Image 120 provides a much less congested visualization, with less information overload to the user when viewing (since the image of the full array typically shows about 20,000 to 40,000 features), so that a quicker and more systematic manner of viewing problems in feature location is provided, compared to the manual viewing of each full image by the user. Further, when the full image is presented, it is necessarily in a smaller scale, so that often, if a user does think that he or she has identified a misalignment, it is often necessary to zoom in on the location of perceived misalignment to visually verify it, which is even more time consuming and tedious. The advantages noted are even more apparent with batch processing, since a user can become easily fatigued or distracted when faced with having to visually examine fifty full array images each containing 20,000 features, for example. Further, generally a confirmation that features in all four corners of the array have been properly positioned provides an acceptable level of confidence that all features within the four corners and which are not shown in the composite image, were also properly located, and that it is rare to have an array where the features in the four corners were properly located, but those features located inside the four corners were not. As discussed below, numeric metrics may also be calculated that give an indication of the “goodness of fit” of the grid on the array. Also, error messages, such as 103 a and 103 b may be reported in run summary 101 (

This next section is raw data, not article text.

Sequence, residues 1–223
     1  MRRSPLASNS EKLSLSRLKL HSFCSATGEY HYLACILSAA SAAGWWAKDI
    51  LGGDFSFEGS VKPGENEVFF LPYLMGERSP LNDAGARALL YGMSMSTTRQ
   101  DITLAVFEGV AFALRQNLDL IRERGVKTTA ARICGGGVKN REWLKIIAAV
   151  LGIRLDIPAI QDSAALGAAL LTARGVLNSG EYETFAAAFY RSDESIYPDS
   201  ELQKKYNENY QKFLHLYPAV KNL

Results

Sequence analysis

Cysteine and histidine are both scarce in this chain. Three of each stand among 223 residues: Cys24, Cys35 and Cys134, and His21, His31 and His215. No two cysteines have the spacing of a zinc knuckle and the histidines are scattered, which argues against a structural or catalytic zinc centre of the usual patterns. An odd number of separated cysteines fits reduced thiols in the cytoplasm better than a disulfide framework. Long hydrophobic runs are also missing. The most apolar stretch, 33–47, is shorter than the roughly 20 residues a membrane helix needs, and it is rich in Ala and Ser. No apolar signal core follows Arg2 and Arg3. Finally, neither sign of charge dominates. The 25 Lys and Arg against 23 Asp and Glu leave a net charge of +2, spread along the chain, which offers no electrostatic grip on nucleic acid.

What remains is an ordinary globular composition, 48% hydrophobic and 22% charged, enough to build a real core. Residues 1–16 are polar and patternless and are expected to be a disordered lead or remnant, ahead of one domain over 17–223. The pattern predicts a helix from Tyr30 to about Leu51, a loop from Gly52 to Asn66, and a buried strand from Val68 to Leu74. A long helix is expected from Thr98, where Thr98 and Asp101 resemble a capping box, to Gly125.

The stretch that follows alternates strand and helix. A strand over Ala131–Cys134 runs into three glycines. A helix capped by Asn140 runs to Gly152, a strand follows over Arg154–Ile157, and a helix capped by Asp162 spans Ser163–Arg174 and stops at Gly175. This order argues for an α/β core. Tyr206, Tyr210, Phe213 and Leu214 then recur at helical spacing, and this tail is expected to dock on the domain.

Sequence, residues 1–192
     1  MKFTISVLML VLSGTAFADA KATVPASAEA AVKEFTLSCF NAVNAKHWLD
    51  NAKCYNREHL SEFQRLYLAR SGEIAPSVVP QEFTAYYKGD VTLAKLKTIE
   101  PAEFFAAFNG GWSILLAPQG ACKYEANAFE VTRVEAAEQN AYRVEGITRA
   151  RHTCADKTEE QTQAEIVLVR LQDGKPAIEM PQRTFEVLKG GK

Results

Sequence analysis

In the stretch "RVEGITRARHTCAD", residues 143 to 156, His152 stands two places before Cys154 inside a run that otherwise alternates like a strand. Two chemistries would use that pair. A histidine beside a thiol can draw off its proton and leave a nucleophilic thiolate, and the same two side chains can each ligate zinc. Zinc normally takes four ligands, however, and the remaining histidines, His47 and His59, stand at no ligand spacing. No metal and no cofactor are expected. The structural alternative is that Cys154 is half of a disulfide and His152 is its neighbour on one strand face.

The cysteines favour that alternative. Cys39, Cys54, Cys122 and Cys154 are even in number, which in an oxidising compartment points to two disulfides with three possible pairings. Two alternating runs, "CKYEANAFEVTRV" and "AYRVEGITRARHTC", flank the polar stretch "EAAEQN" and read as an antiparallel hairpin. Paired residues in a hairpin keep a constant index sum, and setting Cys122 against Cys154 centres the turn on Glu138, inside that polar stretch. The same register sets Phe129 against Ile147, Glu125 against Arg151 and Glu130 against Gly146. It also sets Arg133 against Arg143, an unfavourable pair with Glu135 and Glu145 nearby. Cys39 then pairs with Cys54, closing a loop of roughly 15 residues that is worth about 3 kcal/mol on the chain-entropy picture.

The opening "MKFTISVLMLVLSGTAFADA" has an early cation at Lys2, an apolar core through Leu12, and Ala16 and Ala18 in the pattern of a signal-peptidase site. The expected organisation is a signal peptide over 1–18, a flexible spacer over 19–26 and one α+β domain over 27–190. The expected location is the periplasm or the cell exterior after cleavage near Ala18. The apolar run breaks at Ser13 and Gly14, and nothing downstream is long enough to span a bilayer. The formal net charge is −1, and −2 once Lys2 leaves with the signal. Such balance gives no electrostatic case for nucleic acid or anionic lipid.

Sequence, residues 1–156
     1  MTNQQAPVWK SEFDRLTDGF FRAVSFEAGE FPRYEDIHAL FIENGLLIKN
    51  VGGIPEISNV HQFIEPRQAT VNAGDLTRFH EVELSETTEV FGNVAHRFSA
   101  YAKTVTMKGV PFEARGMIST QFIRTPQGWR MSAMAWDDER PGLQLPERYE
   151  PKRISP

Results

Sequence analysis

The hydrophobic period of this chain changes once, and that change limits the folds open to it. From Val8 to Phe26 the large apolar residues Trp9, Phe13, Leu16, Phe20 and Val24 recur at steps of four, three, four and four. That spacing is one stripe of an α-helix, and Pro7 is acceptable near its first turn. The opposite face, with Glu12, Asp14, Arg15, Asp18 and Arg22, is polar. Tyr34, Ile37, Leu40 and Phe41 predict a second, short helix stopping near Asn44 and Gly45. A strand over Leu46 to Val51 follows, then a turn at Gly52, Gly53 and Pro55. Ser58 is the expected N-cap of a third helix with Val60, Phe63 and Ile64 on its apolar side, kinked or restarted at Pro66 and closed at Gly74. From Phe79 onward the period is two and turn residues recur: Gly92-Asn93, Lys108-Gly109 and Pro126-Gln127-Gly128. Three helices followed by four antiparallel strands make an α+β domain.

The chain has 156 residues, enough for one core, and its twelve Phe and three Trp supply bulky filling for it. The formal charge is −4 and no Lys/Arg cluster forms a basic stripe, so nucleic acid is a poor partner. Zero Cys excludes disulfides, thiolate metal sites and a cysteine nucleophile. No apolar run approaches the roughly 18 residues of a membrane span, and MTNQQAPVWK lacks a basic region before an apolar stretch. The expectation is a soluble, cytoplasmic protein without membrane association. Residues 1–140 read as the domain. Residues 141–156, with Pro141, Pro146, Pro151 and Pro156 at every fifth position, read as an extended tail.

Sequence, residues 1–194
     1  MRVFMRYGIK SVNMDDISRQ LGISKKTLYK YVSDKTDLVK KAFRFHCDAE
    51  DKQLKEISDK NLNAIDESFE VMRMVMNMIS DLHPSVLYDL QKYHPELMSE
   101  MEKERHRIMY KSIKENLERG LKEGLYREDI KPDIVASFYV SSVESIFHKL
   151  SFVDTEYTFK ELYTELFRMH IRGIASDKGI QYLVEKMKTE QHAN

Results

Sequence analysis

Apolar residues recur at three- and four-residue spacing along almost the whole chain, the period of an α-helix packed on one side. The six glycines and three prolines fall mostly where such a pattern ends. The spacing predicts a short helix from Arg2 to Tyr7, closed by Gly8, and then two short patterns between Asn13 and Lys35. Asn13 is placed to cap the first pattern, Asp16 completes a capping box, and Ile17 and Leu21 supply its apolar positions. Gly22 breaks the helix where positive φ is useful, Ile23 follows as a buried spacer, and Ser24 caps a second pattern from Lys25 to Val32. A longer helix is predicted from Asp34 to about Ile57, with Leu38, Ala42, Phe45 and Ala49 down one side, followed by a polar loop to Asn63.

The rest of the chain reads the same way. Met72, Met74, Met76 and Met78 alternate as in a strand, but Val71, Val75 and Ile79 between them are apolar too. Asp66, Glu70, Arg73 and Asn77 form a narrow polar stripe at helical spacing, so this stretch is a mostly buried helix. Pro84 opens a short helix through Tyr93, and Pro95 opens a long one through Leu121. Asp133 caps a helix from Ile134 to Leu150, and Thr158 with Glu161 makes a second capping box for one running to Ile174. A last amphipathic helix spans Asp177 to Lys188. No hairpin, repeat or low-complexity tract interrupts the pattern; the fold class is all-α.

The system is capable of discriminating between different types of probe signals and calculating metrics based on only signals from a particular type of probe. The most discrimination is available when specifics of array production processes are known. For example, users often want to know what the dynamic range of the signals extracted from a chemical array is. The system is capable of providing very specific accurate metrics to satisfy this inquiry. Typical reports indicate a signal value from the lowest five percentile of the signal range and a signal value from the ninety-fifth percentile. The present system is capable of reporting the signal value from the one percentile and ninety-ninth percentile, respectively, but, more importantly, the present system does not add up all the signals to obtain the reported values, but considers only certain types of probes, such as the non-control (“experimental”) probe signal values, and not the negative control values, and/or the positive-control values that depend upon what types of positive spike-ins are used if any.